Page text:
Rehabilitation strategies for cost-efficient gait are also evolving, especially with evolution in technology. Conventional power wheelchairs minimize energy expenditure at the cost of cardiovascular conditioning. Newer solutions, include standing wheelchairs, power wheels with variable assistance, and exoskeletons, minimize this pitfall. Translational research on mobility energetics can be instrumental in refining these devices for ubiquitous everyday use.

5. GAPS IN KNOWLEDGE/EVIDENCE BASE

The definition of mobility, from a functional perspective, can range from walking to an instrumented activity such as driving. Locomotion, then, is only a subset of mobility, energetics is one subset of locomotion, and energy expenditure a subset of energetics. Owing to the vastness and the evolving nature of this field, the authors acknowledge that this chapter has been limited to presenting energy expenditure for normal and assisted locomotion only. Concepts from kinetics and muscle energetics have been included only where they improve the explanation of the primary topic, energy expenditure in mobility and conservation.

References

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  2. Coen PM, Jubrias SA, Distefano G, Amati F, Mackey DC, Glynn NW, Manini TM, Wohlgemuth SE, Leeuwenburgh C, Cummings SR, Newman AB, Ferrucci L, Toledo FG, Shankland E, Conley KE, Goodpaster BH. Skeletal muscle mitochondrial energetics are associated with maximal aerobic capacity and walking speed in older adults. J Gerontol A Biol Sci Med 2013 Apr;68(4):447-55.
  3. Smith LK, Weiss EL, Lehmkull LD. Brunnstrom’s Clinical Kineseology, 5th Ed, Philadelphia, PA, FA Davis Company.
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  5. VanSwearingen JM, Studenski SA. Aging, motor skill, and the energy cost of walking: implications for the prevention and treatment of mobility decline in older persons. J Gerontol A Biol Sci Med 2014 Nov;69(11):1429-36.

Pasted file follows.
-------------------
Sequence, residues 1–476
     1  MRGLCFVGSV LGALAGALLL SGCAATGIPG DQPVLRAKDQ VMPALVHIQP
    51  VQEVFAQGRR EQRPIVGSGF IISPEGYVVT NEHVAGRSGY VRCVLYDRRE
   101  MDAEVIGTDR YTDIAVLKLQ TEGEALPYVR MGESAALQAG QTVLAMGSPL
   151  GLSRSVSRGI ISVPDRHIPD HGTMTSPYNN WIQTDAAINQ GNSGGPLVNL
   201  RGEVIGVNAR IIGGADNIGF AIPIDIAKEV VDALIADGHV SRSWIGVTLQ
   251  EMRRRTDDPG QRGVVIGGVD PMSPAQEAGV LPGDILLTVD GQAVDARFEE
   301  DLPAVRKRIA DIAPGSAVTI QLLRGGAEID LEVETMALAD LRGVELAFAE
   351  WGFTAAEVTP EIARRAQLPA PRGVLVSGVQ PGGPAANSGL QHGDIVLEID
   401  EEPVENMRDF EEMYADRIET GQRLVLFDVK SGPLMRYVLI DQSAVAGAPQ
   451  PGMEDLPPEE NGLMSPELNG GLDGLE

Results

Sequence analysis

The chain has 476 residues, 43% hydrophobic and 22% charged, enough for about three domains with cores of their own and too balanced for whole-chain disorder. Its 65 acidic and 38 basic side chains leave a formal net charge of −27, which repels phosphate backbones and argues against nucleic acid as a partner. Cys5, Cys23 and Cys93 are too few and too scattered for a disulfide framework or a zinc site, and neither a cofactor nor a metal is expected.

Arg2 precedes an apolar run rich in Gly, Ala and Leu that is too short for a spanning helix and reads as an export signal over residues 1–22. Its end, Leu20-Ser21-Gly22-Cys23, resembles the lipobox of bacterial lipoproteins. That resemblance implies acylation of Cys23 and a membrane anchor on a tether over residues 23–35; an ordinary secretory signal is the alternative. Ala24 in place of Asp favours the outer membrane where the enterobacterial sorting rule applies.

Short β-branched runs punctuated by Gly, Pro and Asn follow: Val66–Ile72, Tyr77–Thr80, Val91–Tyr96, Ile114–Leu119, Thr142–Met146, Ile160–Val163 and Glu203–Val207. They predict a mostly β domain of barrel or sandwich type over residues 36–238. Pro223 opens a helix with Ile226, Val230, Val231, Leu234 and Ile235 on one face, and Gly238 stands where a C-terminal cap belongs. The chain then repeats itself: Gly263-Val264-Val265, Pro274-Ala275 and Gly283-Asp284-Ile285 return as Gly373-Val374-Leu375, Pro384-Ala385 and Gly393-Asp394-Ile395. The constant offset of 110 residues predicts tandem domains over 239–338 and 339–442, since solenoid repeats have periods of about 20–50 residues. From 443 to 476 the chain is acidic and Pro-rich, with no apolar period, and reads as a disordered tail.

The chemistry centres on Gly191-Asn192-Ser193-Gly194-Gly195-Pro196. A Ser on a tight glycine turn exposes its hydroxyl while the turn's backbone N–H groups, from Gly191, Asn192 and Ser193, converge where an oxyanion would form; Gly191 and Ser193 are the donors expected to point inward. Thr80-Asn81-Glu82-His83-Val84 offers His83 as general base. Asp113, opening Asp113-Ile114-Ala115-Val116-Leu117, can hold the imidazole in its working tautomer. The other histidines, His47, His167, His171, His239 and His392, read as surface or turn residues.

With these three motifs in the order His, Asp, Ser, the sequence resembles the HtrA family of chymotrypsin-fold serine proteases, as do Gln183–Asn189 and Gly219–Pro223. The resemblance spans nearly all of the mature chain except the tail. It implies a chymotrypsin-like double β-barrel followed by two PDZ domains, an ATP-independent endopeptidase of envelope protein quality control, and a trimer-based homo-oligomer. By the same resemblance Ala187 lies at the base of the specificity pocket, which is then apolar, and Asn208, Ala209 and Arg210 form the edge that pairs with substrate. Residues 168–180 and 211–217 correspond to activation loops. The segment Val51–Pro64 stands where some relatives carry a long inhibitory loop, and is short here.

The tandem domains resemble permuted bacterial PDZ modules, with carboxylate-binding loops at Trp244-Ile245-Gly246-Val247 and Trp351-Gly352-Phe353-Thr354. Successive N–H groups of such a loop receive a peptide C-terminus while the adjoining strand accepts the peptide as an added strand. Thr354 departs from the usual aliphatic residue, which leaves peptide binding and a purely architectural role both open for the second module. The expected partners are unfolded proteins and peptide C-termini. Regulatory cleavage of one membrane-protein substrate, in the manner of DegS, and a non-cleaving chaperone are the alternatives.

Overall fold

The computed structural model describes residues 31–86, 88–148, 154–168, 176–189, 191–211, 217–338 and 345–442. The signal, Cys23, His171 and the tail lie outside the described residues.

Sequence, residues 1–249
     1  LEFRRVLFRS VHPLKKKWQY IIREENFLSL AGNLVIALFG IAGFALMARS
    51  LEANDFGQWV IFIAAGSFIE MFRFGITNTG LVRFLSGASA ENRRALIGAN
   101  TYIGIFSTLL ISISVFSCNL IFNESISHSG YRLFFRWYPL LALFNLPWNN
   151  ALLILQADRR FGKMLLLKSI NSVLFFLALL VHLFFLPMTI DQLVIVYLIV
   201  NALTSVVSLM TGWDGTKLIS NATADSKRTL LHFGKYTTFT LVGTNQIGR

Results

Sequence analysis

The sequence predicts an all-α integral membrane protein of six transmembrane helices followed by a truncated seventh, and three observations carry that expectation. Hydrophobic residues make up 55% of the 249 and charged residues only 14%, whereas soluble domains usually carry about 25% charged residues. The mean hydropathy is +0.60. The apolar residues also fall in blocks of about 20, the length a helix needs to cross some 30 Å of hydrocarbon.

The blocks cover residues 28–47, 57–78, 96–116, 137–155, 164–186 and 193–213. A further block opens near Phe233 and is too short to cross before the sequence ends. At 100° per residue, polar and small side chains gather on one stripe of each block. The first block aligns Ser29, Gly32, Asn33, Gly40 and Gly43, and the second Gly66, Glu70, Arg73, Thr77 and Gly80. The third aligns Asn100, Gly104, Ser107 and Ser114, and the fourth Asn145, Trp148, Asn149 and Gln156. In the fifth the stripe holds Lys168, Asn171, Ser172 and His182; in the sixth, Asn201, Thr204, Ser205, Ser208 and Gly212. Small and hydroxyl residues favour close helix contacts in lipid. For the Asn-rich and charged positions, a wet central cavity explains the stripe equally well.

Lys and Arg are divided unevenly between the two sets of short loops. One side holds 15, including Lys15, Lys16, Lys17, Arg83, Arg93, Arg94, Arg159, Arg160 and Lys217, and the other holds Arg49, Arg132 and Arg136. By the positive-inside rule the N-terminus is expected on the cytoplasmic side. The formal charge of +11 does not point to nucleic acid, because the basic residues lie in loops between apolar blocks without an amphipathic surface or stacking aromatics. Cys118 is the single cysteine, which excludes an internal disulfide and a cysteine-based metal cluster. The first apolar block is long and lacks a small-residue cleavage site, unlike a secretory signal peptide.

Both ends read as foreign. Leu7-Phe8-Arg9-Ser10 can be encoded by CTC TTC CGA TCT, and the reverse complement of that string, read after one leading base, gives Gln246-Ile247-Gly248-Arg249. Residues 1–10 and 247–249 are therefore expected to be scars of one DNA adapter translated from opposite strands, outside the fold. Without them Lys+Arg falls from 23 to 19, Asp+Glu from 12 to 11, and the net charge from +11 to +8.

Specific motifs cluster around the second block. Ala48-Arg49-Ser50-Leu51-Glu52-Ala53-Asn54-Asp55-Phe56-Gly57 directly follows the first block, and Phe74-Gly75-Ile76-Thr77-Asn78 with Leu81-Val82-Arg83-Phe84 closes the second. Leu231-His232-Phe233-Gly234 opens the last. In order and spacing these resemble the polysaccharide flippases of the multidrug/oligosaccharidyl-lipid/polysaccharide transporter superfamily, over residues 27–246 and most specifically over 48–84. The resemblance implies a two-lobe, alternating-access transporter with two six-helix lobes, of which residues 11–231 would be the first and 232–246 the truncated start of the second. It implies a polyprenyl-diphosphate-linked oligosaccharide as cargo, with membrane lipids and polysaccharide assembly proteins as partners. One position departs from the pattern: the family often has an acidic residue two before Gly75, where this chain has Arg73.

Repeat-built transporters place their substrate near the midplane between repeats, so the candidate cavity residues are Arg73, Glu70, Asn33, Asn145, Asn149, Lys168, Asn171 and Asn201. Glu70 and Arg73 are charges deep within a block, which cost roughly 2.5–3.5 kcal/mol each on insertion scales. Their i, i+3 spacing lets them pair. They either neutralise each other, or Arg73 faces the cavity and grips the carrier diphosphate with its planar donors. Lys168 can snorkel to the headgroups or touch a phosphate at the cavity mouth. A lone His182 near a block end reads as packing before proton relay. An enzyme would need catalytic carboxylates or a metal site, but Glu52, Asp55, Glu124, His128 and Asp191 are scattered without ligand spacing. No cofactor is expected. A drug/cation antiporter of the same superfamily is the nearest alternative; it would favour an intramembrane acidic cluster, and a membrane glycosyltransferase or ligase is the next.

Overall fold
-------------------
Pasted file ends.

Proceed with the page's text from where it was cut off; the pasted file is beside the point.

6. Waters RL, Mulroy The energy expenditure of normal and pathologic gait. Gait & Posture 1999 Jul;9(3):207-31
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  8. Farris DJ, Sawicki GS. The mechanics and energetics of human walking and running: a joint level perspectiv JR Soc Interface. 2012 Jan 7;9(66):110-8.
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  10. Ijmker T, Houdijk H, Lamoth CJ, Beek PJ, van der Woude LH. Energy cost of balance control during walking decreases with external stabilizer stiffness independent of walking speed. J Biomech. 2013 Sep 3;46(13):2109-1
  11. Voloshina AS, Ferris DP. Biomechanics and energetics of running on uneven terrain. J ExpB 2015 Mar;218(Pt 5):711-9.
  12. Ijmker T, Houdijk H, Lamoth CJ, Jarbandhan AV, Rijntjes D, Beek PJ, van der Woude LH. Effect of balance support on the energy cost of walking after strok Arch Phys Med Rehabil. 2013 Nov;94(11):2255-61.
  13. Cifu D Braddom’s Physical Medicine and Rehabilitation, 5th Ed, Philadelphia, PA: Elsevier.
  14.  Schmalz T, Blumentritt S, Jarasch Energy expenditure and biomechanical characteristics of lower limb amputee gait: the influence of prosthetic alignment and different prosthetic components. Gait & Posture. 2002 Dec;16(3):255-63.
  15. Bertram JE, Hasaneini SJ. Neglected losses and key costs: tracking the energetics of walking and runnin J Exp Biol. 2013 Mar 15;216(Pt 6):933-8.
  16. Matsubara JH, Wu M, Gordon KE. Metabolic cost of lateral stabilization during walking in people with incomplete spinal cord inju Gait & Posture. 2015 Feb;41(2):646-51
  17. Bateni H, Maki BE. Assistive devices for balance and mobility: benefits, demands, and adverse consequenc Arch Phys Med Rehab. 2005 Jan;86(1):134-45.
  18. Takahashi KZ, Lewek MD, Sawicki GS, Neuromechanics-based powered ankle exoskeleton to assist walking post-stroke: a feasibility study. J Neuroeng. Rehabil. 2015 Feb 25;12:23.
  19. Arazpour M, Samadian M, Bahramizadeh M, Joghtaei M, Maleki M, Ahmadi Bani M, Hutchins The efficiency of orthotic interventions on energy consumption in paraplegic patients: a literature review. Spinal Cord 2015 53;168–175
  20. Marconi V, Hachez H, Renders A, Docquier PL, Detrembleur C. Mechanical work andenergy consumption in children with cerebral palsy after single-event multilevel surger Gait & Posture. 2014 Sep;40(4):633-9.

Author Disclosure

Prateek Grover, MD, PhD
Nothing to Disclose

Oksana Volshteyn MD
Nothing to Disclose